There are limitations to the present study. Patients and caregivers were recruited from a palliative care ward of an extended care hospital. Our findings may not be generalised to other settings. According to the Hong Kong Cancer Statistics in 2016, the three most common primary sites of cancer were the gastrointestinal tract, lung, and breast, whereas in the present study, the three most common primary site of cancer were the gastrointestinal tract, lung, and hepatobiliary system. Patients referred to palliative care ward usually have difficult symptoms control and complicated psycho-social-spiritual issues, compared with patients in other settings. 13 potential caregivers of terminally ill patients were excluded owing to rapid deterioration of patients after admission. When facing impending death of patients, these caregivers might have a higher level of anxiety, owing to worsening of distressing symptoms (delirium or dyspnoea)40 and their fear towards patient’s approaching death. Further studies of this group of caregivers are warranted. Although the questionnaire covered different important domains of caregiving, it was far from comprehensive. Factors should have covered include the coping style of caregiver20 and the attachment style of the patient and the caregiver.41

Conclusions

22.9% of family caregivers of patients with advanced cancer have moderate to severe anxiety. Anxiety of caregivers was associated with depression, caregiver’s feeling of anxiety towards patient’s approaching death, psychological support, and life meaning. All these are potentially amendable by interventions. A structured screening of anxiety in family caregivers of patients with advanced cancer should be considered as routine practice.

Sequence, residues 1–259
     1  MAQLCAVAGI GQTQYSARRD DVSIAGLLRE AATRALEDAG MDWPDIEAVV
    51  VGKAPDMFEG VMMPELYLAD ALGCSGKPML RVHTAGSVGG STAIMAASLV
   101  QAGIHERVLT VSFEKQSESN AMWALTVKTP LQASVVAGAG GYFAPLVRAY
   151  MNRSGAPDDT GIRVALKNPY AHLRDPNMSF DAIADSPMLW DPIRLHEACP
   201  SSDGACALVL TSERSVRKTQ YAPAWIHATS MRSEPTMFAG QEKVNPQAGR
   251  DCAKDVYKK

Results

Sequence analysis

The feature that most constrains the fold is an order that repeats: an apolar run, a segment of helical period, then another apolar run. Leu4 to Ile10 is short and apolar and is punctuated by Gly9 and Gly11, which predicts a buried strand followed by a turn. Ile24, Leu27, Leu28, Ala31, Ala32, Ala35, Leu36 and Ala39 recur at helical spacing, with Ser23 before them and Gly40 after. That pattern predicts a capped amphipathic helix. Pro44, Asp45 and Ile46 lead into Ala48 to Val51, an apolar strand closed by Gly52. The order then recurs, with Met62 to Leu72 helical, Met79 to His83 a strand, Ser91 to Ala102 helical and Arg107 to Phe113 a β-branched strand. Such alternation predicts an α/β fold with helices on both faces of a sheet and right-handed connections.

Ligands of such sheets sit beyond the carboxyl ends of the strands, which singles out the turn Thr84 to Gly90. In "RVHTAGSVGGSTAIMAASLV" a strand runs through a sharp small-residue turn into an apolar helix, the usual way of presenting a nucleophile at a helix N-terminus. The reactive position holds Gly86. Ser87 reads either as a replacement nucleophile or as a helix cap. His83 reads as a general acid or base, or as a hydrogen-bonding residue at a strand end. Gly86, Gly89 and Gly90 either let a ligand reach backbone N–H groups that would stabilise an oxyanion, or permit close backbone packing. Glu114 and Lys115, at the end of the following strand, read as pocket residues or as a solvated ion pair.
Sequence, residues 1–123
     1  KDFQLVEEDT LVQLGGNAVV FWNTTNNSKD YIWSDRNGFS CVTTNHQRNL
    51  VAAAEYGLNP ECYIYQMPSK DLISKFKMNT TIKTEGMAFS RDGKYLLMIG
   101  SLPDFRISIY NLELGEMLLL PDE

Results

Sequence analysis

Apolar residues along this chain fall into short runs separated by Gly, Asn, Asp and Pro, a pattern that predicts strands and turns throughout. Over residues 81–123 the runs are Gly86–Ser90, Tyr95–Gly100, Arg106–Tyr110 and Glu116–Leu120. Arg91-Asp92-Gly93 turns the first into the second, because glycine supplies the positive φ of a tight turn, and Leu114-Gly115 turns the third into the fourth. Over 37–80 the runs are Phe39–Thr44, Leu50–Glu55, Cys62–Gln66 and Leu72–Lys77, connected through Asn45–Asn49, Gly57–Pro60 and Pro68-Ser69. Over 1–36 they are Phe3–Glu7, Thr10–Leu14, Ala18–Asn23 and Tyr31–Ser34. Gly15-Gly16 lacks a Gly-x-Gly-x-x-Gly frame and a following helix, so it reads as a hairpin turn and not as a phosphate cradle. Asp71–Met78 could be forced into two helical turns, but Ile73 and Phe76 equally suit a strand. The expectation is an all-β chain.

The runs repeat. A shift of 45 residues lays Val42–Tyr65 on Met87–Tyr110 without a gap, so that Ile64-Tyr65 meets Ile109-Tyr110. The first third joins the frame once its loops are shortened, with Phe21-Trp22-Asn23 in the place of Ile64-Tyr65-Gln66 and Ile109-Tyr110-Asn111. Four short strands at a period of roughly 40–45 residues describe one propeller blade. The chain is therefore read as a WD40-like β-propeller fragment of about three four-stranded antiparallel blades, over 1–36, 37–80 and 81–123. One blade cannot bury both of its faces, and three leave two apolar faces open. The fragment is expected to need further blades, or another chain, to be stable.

Contributors

All authors designed the study, acquired the data, analysed the data, drafted the manuscript, and critically revised the manuscript for important intellectual content. All authors had full access to the data, contributed to the study, approved the final version for publication, and take responsibility for its accuracy and integrity.

Conflicts of interest

All authors have disclosed no conflicts of interest.

Funding/support

This study received no specific grant from any funding agency in the public, commercial, or not-for-profit sectors.

Data Availability

All data generated or analysed during the present study are available from the corresponding author on reasonable request.

Ethics approval

The study was approved by the Kowloon Central / Kowloon East Cluster Research Ethics Committee (reference: KC/ KE-18-0293/ER-1). The patients were treated in accordance with the tenets of the Declaration of Helsinki. The patients and caregivers provided written informed consent for all treatments and procedures and for publication.

Acknowledgements

The authors would like to thank Dr W Wu for agreeing the use of PWS-C and Dr WCH Chan for agreeing the use of C-M-CSI.